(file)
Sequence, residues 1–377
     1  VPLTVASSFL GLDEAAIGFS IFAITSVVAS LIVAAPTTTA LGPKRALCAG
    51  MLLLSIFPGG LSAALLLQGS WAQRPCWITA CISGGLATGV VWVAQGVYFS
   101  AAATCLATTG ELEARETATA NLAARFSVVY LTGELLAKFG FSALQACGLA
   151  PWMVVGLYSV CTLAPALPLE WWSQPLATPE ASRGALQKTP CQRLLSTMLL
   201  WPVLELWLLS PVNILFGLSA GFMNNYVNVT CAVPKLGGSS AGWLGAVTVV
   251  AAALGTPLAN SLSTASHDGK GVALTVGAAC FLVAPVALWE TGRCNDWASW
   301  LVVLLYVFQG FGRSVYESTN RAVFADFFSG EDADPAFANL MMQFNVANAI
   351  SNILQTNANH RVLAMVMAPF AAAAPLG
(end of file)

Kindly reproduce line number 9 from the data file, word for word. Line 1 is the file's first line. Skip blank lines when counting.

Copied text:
   351  SNILQTNANH RVLAMVMAPF AAAAPLG